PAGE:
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LISP – Comparison Operators on Characters & Strings

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  • Last Updated : 25 Feb, 2022
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The contents of a field are compared to the contents of another field or a constant using Comparison operators. In Simple words, comparator operators are used to compare whether the two or more different values are equal or not. 

Comparison Operators on Character:

Characters are not supported by numerical comparison functions and operators such as < and >. Other than that, Two sets of functions in Common LISP are used. The first set is case-sensitive, whereas the second is not case-sensitive or (case-insensitive). 

Following are some comparison functions that may be used to see whether the two characters are equivalent or not equal.

Case-Sensitive Case-Insensitive Explanation
CHAR=  CHAR-EQUAL Checks if the operands’ values are all equal; if they are, the condition is true.
CHAR/= CHAR-NOT-EQUAL Checks if the operands’ values are all different or not; if they aren’t, the condition is true.
CHAR< CHAR-LESSP If the character1 is smaller than character2, the condition is true; otherwise, the condition is false.
CHAR<= CHAR-NOT-GREATERP If any of the left character’s values are less than or equal to the value of the following right character, the condition is true.
CHAR> CHAR-GREATERP If character1 is greater than character2, the condition is true; otherwise, it is false.
CHAR>=                      CHAR-NOT-LESSP                                   If any left character’s value is more than or equal to its right character’s value, the condition is true.

Example 1: Case sensitive Comparison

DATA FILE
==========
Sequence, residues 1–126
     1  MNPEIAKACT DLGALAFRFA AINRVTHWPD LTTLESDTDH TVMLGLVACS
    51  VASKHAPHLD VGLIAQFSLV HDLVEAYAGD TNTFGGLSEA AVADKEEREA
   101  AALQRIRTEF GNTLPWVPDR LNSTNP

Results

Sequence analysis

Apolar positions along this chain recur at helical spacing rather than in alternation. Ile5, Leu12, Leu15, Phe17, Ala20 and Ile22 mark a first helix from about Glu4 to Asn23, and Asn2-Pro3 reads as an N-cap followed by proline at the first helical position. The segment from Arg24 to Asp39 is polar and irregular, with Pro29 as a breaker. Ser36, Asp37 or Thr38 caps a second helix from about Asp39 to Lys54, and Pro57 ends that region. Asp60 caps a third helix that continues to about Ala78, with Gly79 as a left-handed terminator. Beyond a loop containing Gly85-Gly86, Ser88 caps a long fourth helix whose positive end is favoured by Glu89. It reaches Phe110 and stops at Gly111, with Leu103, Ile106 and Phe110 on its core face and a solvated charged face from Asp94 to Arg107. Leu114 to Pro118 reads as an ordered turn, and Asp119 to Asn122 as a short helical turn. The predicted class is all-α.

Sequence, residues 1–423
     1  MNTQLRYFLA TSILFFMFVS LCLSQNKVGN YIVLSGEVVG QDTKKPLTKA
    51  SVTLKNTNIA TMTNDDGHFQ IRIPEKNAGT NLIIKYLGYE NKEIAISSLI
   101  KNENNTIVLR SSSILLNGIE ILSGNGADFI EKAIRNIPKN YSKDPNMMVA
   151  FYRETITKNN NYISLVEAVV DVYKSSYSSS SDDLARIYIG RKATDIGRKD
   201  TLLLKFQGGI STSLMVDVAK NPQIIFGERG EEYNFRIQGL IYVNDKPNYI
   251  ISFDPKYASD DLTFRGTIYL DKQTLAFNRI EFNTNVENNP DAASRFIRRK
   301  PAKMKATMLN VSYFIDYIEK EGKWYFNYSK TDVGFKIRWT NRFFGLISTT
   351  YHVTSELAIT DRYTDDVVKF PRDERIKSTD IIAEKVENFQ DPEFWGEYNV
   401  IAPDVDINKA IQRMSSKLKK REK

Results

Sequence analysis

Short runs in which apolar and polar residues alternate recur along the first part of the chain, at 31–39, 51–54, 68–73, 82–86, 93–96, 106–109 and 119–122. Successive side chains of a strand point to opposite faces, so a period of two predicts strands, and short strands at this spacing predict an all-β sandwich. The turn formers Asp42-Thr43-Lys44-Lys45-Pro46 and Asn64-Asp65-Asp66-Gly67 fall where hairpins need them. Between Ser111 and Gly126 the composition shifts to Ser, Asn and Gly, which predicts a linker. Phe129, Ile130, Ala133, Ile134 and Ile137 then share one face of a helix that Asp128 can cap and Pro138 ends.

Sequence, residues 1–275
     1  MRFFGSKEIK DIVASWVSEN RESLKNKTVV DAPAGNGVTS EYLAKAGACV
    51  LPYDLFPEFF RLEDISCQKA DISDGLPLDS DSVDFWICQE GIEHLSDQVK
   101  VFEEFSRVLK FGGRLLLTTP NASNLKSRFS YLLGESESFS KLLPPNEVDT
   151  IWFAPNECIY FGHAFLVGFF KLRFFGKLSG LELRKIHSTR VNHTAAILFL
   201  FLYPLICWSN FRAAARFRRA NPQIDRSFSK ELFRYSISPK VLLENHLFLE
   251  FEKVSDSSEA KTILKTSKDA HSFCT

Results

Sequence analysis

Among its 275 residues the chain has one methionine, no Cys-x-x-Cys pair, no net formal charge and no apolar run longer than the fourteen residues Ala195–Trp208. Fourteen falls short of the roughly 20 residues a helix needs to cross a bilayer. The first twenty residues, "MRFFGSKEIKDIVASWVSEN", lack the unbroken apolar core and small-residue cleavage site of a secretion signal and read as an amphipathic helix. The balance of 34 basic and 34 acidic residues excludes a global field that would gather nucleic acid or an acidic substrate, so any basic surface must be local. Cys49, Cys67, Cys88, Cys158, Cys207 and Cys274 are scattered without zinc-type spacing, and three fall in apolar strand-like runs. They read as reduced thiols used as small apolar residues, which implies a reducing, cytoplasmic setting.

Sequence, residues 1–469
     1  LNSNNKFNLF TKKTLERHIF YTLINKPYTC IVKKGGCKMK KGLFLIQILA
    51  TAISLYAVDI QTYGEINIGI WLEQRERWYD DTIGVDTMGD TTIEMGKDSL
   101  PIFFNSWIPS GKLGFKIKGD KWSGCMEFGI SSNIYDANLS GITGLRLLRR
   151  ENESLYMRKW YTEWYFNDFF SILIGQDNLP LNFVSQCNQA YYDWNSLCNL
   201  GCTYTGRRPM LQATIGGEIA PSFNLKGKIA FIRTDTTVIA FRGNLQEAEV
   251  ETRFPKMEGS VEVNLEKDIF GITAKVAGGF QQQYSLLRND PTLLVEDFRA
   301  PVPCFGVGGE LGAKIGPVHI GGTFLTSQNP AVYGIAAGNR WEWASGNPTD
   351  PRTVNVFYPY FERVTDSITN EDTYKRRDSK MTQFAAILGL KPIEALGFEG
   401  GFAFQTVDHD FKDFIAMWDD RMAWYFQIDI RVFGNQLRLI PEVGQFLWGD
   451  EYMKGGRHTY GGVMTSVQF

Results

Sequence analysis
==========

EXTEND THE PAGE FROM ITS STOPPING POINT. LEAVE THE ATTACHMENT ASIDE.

Lisp




(write (CHAR= #\a #\A))
(terpri)
(write (CHAR> #\b #\a))
(terpri)
(write (CHAR< #\A #\a))


Output: When running the above code, the output is as follows.

NIL
T
T

Example 2: Case-insensitive Comparison

Lisp




(write (CHAR-EQUAL #\a #\A))
(terpri)
(write (CHAR-EQUAL #\a #\b))
(terpri)
(write (CHAR-LESSP #\a #\b #\c))
(terpri)
(write (CHAR-GREATERP #\a #\b #\c))


Output: When running the above code, the output is as follows.

T
NIL
T
NIL

Comparison Operators on String:

In Common Lisp, strings are vectors, which are one-dimensional arrays of characters. Except for the double quotation character (“) and the escape character (\), every character supported by the character set can be contained between double quotes to form a string. Like Character, the string also has two sets of Comparison Operators, one is Case-sensitive and the other is Case-insensitive.

So, to check whether the two Strings are equal are not, the following are some comparison Functions that can be used.

Case-sensitive Case-insensitive Explanation
STRING= STRING-EQUAL Checks if the operands’ values are all equal; if they are, the condition is true.
STRING/= STRING-NOT-EQUAL Checks if the operands’ values are all unequal; if they are, the condition is true.
STRING< STRING-LESSP If string1 is smaller than string2, the condition is true; otherwise, the condition is false.
STRING<=      STRING-NOT-GREATERP     If any of the left operands’ values are less than or equal to the value of the following right operand, the condition is true.
STRING> STRING-GREATERP If string1 is greater than string2, the condition is true; otherwise, the condition is false.
STRING>=                STRING-NOT-LESSP                           If any left operand’s value is more than or equal to its right operand’s value, the condition is true.  

Example 1: Case Sensitive Comparison.

Lisp




(write (STRING= "gfg" "GFG"))
(terpri)
(write (STRING> "gfg" "GFG"))
(terpri)
(write (STRING< "gfg" "GFG"))


Output: When running the above code, the output is as follows.

NIL
0
NIL

Example 2: Case-insensitive Comparison.

Lisp




(write (STRING-EQUAL "gfg" "GFG"))
(terpri)
(write (STRING-GREATERP "gfg" "GFG"))
(terpri)
(write (STRING-LESSP "gfg" "GFG"))


Output: Comparison OperatorsWhen running the above code, the output is as follows.

T
NIL
NIL

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